Officials and Social Media: Friend or Foe?

By Dave Sheets on September 08, 2017 officials Print

The world seems to be controlled and driven by social media. Facebook, Twitter, Snapchat, LinkedIn and dozens more applications are taking up more and more of the attention of users. The younger generation seems most in tune with these phenomenon but many older dogs are using these new tricks.

Catching up with old high school friends and sharing information with family members many states away are benefits of this new media. At the same time, political, religious and social issue discussions can provide both positive and negative input to a user. Perhaps the largest downside is the time commitment needed to remain in touch with all these applications.

Part of the new trend in these applications is that of sports officials posting information about their upcoming contests, current contest or past contest. What can seem like an innocent sharing of info can turn into a very negative experience. How should officials use, or avoid, social media? It is an individual choice, but consider these examples from local news around the country.

Darren is well respected in his officiating community and has worked many big games over the years. He had never had anything more than “normal” fan hassles for his work on the football field. His workday involves working as a financial adviser in a small city. He has recently started announcing on his Facebook page the school he traveling to before he works a varsity contest. He may even post a photo of the school when he arrives or include images of tail gators or warmups on the field before the game.

On one Friday night, a fan of the visiting school was sitting at home when the fan noticed a post from another friend wishing the official a “good game.” The fan at home knew another friend was at the game and texting that friend telling him about one of the officials. During the game, the visiting team felt they were not benefiting from calls during the game and the fan at the game texted back to his friend asking for more information on the official. Before long, the fans were chanting the official’s name, shouting about his work, his hometown and his model airplane hobby. It was also information from social media. As the game wore on, the visiting team became more upset with the officials and suddenly social media in the area was flooded with comments about the official they knew by name, because he told them on social media. On Monday, his business was inundated with nasty phone calls and even a few clients calling to question his work as a financial adviser based on what they heard about the game. Was it worth it to brag about being at that game?

It is certainly possible for fans to know about an official they are watching but using social media to draw attention to an official’s work is probably not a good idea. Here is another example.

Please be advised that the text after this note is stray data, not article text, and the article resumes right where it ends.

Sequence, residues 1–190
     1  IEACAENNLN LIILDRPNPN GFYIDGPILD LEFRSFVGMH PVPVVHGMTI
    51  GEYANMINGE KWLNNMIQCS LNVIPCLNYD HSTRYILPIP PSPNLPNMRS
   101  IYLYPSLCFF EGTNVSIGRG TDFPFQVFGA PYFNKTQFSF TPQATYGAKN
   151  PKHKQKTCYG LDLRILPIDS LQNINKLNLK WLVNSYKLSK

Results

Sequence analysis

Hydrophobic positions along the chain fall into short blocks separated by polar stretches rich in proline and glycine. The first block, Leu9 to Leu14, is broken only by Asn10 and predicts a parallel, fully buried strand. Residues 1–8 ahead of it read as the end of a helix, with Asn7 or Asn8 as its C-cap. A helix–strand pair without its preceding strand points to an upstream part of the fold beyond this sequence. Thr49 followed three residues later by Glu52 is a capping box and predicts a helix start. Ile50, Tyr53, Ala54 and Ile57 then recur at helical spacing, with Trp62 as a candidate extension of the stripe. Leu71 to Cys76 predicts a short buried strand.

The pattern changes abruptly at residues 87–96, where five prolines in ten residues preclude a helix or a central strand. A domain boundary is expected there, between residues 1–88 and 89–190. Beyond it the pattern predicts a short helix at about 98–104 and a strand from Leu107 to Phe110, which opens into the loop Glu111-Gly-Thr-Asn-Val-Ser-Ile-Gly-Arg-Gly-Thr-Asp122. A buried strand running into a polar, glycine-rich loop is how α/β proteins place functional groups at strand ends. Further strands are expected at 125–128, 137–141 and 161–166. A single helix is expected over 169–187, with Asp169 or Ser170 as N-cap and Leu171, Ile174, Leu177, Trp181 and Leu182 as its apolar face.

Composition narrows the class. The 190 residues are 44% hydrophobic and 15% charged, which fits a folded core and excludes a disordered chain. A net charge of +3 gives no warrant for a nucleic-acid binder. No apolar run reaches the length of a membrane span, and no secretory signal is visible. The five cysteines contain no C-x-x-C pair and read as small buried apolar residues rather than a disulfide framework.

Tom is a hard working basketball official that has earned assignments all-around his state. They take him many hours from home and he often has his wife accompany him to games so they can spend time together. He has developed the habit of announcing on social media many afternoons where they are headed and how long the trip will be.

Unknown to Tom was a burglary ring working in his community. It was made of a group of young men hitting homes for items they could sell for drug money. Finding the right home to burglarize was their challenge. A girlfriend of one of the thugs was Facebook friends with the adult daughter of Tom and saw some of these posts. At some point she mentioned this to her boyfriend who began following the posts. He then determined they could strike Tom’s home one night when he was on the road. Imagine coming home from a long trip to find your electronics, jewelry and other items stolen from your home. The simple feeling of being violated was strong.

While it can’t be proven that this burglary only happened due to the social media posts, it certainly seems to be a contributing factor. Why give information about your schedule, your being away from home or any other data that could lead to a bad happening.

We don’t have time in this article to address comments officials made about a game they just completed and how they didn’t have hot water or towels or the fans or coaches were acting terrible. They felt like those comments allowed them to blow off steam to their “friends.” They forgot their friends were friends with coaches and fans and assigners and evaluators. Many officials have lost an assignment or a tourney game due to their own words being used against them.

     Officials are encouraged to think before they post, text, tweet or otherwise communicate. You need to understand you have no control over your audience or your message after it is in the digital universe. Even if you feel you are only putting out positive communications, there can be issues. Some assigners and associations actual forbid officials from using social media. All discussion about free speech, being an adult, etc. are appropriate but the bottom line is there are far too many instances of officials using social media and finding themselves in a bad situation.

     A veteran official in our area has always provided excellent pregame conferences. His advice is always good right before we leave the locker room. A few years ago he added the line, “And don’t get our game posted on YouTube,” was added. Perhaps that advice should apply to all social media.